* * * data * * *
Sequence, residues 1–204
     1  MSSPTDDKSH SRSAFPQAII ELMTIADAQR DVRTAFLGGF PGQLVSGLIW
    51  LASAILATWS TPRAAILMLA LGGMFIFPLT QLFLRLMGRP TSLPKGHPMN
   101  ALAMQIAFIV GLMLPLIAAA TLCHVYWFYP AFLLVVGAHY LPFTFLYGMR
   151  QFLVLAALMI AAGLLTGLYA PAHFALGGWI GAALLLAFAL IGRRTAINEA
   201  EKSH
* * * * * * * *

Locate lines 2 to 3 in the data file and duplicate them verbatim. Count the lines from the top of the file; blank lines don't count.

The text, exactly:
     1  MSSPTDDKSH SRSAFPQAII ELMTIADAQR DVRTAFLGGF PGQLVSGLIW
    51  LASAILATWS TPRAAILMLA LGGMFIFPLT QLFLRLMGRP TSLPKGHPMN